Cell Cycle Regulation of Membrane Phospholipid Metabolism

Suzanne Jackowski
1996 Journal of Biological Chemistry  
This review focuses on the phospholipid metabolism regulated by the cell cycle. Phospholipids are the major cellular constituents required for the assembly of biological membranes, and cells must double their phospholipid mass to form daughter cells. It seems reasonable that this event should coincide with the synthesis of other cellular components such as DNA, stable RNA, etc.; however, the biochemical mechanisms that coordinate macromolecular and bulk membrane phospholipid production are
more » ... ly unknown. The importance of these regulatory processes to cell physiology is obvious. Discordant regulation of phospholipid accumulation by only a few percent per cell cycle would rapidly result in cells with either a large excess or deficit of membrane surface leading to abnormalities in cell size and/or intracellular lipid accumulation. Thus, stringent control mechanisms must be in place to keep the phospholipid content in tune with the cell cycle. This discussion will explore the state of our knowledge in cultured mammalian cell systems, although cell cycle-regulated phospholipid accumulation occurs in lower eukaryotes such as Saccharomyces cerevisiae (1) and Caulobacter crescentus (2). This review is limited to a discussion of events that are directly tied to the cell cycle. Phospholipid metabolism in response to mitogenic stimulation will not be addressed as these biochemical events are generally associated with the G 0 to G 1 transition and are ligand-regulated rather than being orchestrated by the cell cycle. G 1 Phase The G 1 phase of the cell cycle is characterized as having a high rate of membrane phospholipid turnover. Increased incorporation of label into phospholipids and elevated levels of intracellular soluble phospholipid precursors were noted after the mitogenic stimulation of cells (3, 4), although these studies did not address whether the increase in labeling represented net phospholipid synthesis or enhanced phospholipid turnover (5-11). Jackowski (12) examined both synthesis and degradation in a macrophage cell line using a double label experiment and attributed the increase in choline incorporation into Ptd-Cho 1 during G 1 (4) to rapid PtdCho turnover (12). Importantly, the rate of PtdCho degradation decreased by an order of magnitude in S phase and then accelerated again as the cells entered the next G 1 period, thereby establishing that PtdCho turnover in G 1 was associated with the cell cycle and not a property of the G 0 to G 1 transition (12). The cessation of Ptd-Cho degradation in S phase is likely an important contributor to the net accumulation of phospholipid during this time; however, nothing is known about the biochemical processes that govern the periodicity of PtdCho turnover. PtdCho turnover may be an important aspect of phospholipid metabolism during G 1 that is necessary, and in some cases, sufficient for entry into S phase. PtdCho hydrolysis by phospholipase C and/or D pathways is triggered by a wide array of agonists (9), and both exogenous bacterial PtdCho phospholipase C (13) and PtdCho phospholipase D (14) added to the medium mimicked the mitogenic effect of platelet-derived growth factor. The fact that PtdCho phospholipase C, like growth factors, was required throughout G 1 for maximal mitogenic effect (15) supports a causal relationship between PtdCho turnover and G 1 progression. The precise signal transduction pathways activated by PtdCho phospholipase C remain to be clarified, although activation of the Ras-Raf pathway (16, 17) and/or protein kinase C (18) may be involved.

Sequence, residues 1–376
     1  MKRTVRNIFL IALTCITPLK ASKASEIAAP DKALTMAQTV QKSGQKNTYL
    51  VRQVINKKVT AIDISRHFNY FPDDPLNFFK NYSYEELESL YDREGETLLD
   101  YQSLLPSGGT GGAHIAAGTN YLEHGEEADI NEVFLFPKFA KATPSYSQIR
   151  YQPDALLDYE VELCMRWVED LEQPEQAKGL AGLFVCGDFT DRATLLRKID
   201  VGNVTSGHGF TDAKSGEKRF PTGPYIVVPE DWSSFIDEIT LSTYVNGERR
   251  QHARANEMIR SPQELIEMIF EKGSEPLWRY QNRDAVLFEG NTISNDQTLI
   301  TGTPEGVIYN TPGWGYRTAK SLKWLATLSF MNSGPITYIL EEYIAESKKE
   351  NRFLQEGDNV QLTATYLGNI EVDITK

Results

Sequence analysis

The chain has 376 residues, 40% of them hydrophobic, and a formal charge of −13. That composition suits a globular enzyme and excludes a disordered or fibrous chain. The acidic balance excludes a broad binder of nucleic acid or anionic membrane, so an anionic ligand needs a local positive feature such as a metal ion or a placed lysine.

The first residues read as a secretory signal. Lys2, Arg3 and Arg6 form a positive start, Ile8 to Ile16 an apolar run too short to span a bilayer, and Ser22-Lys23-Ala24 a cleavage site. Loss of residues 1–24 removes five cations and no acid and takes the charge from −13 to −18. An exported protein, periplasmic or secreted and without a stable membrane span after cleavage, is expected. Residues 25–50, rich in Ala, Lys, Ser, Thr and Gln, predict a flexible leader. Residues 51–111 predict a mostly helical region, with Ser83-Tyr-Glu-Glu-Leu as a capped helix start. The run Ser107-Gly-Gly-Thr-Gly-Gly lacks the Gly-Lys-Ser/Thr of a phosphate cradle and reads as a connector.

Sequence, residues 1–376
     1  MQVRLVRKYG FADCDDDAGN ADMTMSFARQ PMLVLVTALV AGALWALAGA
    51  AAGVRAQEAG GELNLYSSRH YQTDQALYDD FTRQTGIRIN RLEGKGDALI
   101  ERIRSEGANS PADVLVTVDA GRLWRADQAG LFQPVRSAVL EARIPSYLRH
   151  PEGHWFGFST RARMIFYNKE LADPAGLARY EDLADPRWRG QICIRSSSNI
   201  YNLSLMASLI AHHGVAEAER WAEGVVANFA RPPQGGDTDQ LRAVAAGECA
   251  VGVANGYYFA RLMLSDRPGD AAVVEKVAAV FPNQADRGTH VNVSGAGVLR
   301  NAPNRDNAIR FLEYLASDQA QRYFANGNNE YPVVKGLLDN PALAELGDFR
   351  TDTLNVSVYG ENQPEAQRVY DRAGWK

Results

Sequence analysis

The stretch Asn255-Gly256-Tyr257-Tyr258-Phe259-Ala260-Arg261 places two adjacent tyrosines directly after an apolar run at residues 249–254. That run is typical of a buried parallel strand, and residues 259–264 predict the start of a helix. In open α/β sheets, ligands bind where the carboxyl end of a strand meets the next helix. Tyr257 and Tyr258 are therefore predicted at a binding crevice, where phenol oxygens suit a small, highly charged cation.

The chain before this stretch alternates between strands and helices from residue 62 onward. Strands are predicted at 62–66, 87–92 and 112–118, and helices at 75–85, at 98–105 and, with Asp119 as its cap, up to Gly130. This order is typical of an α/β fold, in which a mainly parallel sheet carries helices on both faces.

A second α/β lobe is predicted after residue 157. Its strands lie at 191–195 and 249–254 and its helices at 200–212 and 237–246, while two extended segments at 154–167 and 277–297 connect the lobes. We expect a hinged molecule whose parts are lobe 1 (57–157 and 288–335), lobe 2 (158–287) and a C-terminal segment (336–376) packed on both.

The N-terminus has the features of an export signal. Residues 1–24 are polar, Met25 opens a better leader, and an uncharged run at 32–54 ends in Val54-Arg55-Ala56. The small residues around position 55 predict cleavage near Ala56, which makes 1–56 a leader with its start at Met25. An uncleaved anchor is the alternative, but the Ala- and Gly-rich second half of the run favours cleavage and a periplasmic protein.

doi:10.1074/jbc.271.34.20219 pmid:8702749 fatcat:neu5ebhv4vcadfj6falqsw7xsq